For deep fibular neuropathy, patients may complain of pain, weakness, or atrophy of the foot, especially the EDB muscle. Patients may also experience numbness/paresthesias of the first and second webspace. They may experience pain over the dorsum of the foot, which is relieved with motion.
For superficial fibular neuropathies, patients may complain of pain, numbness, paresthesias, or loss of sensation in the distal anterolateral calf and the foot's dorsum, except for the first webspace. Patients can present with weakness in foot eversion if the injury is proximal to the innervation of the tibialis longus and brevis muscles.
Performing electrodiagnostic studies in patients with fibular neuropathy have few absolute contraindications. Needle electromyography (EMG) should not be performed on patients with severe bleeding disorders. Needles should not be inserted into areas with active soft tissue infections.
Nerve conduction studies are contraindicated in patients with external cardiac defibrillators or implanted cardiac defibrillators. Before conducting electrodiagnostic studies, patients should be screened for pacemakers. It is essential that electrical stimulation not be performed directly or near the device itself.
Before performing an electrodiagnostic study, a clinician must conduct a comprehensive review of the patient’s history, including any applicable clinical course and a physical exam. A systematic and empathetic physician will inform the patient, and any relative involved in decision-making, of the indications for the studies and provide an overview of the procedure to be performed.
A comprehensive electrodiagnostic test includes motor conduction to the EDB muscle above and below the knee to assess a conduction block at the fibular head. Should the EDB muscle response be small or unobtainable, it is acceptable to measure the motor response at the anterior tibialis muscle. Superficial fibular sensory nerve action potential (SNAP) is tested, indicating axonal loss distal to the dorsal root ganglion if there is amplitude loss.
EMG should also sample muscles from the sciatic nerve's branches, including the short head of the biceps femoris, to distinguish it from more proximal fibular nerve lesions. It is essential to compare with the opposite side. To evaluate for an accessory fibular nerve, the stimulation is done posterior to the lateral malleolus while recording at the EDB muscle.
Electrodiagnostic studies have a low risk of complications.
Fibular neuropathy is primarily an axonal sensorimotor peripheral neuropathy, which will be made apparent on electrodiagnostic studies.
Sensory Nerve Conduction Studies
In axonal or mixed axonal/demyelinating lesions, the superficial fibular SNAP amplitude is usually low or absent. Purely demyelinating fibular neck lesions, however, have a normal distal superficial fibular sensory response. A lesion distal to the dorsal root ganglia will show a decrease in the response with the sensory stimulation of the superficial fibular nerve.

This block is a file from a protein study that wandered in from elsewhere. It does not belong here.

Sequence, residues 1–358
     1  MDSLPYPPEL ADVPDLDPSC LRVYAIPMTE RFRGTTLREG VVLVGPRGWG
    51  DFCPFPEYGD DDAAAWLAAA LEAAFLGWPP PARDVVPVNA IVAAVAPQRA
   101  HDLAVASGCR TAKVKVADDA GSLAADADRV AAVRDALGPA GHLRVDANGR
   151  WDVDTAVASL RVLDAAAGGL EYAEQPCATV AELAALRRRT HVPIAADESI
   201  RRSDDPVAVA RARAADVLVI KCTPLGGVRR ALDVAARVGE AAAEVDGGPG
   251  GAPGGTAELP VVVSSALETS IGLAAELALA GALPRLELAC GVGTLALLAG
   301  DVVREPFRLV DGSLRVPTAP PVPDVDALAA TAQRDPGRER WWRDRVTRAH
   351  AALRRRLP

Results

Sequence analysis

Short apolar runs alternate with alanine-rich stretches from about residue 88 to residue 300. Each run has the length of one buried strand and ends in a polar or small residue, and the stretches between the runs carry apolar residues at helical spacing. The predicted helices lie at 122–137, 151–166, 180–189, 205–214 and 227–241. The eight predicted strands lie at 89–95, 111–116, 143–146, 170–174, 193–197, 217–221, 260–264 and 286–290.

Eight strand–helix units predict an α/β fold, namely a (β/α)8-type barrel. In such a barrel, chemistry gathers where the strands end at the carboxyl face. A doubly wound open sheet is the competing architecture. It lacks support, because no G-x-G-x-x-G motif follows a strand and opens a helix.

Motor Nerve Conduction Studies
Demyelinating lesions show a conduction block with a focal slowing in fibular motor studies performed across the fibular neck. Focal slowing is observed when there are a greater than 10 meters/sec difference from the distal conduction velocities. Conduction block is observed when there is a greater than 20% drop in amplitude of the proximal compound muscle action potential (CMAP).
This test tends to be abnormal in fibular axonal lesions if axonotmesis is present. Clinicians will find abnormalities in lesions distal to the fibular nerve innervated muscles. Axonal lesions will show fibrillation potentials, positive sharp waves, and spontaneous activity, with decreased motor unit action potential recruitment depending on the timing of an injury. The results can be used to determine the chronicity of an injury.
Fibular neuropathy is the most common lower extremity neuropathy. Physiatrists, neurologists, neurosurgeons, and orthopedists must recognize that further evaluation with electrodiagnostic testing is warranted when patients present with foot drop/slaps, steppage gait, weakness, or sensory deficits in areas of the lower extremity innervated by the fibular nerve. Doing so will help expedite a patient’s recovery process and improve their quality of life in the long term.
Electrodiagnostic studies can prove to be an integral component for determining etiology and guiding management. Once a fibular neuropathy diagnosis is made, an interprofessional team involved in the management should include physiatrists and therapists for physical/occupational rehabilitation. Nutritionists, social workers, and case managers from the inpatient standpoint must coordinate and ensure early mobilization with bedside therapy and aggressive multifaceted rehabilitation. Only through a well-coordinated effort between these multidisciplinary components will a patient achieve their best outcome.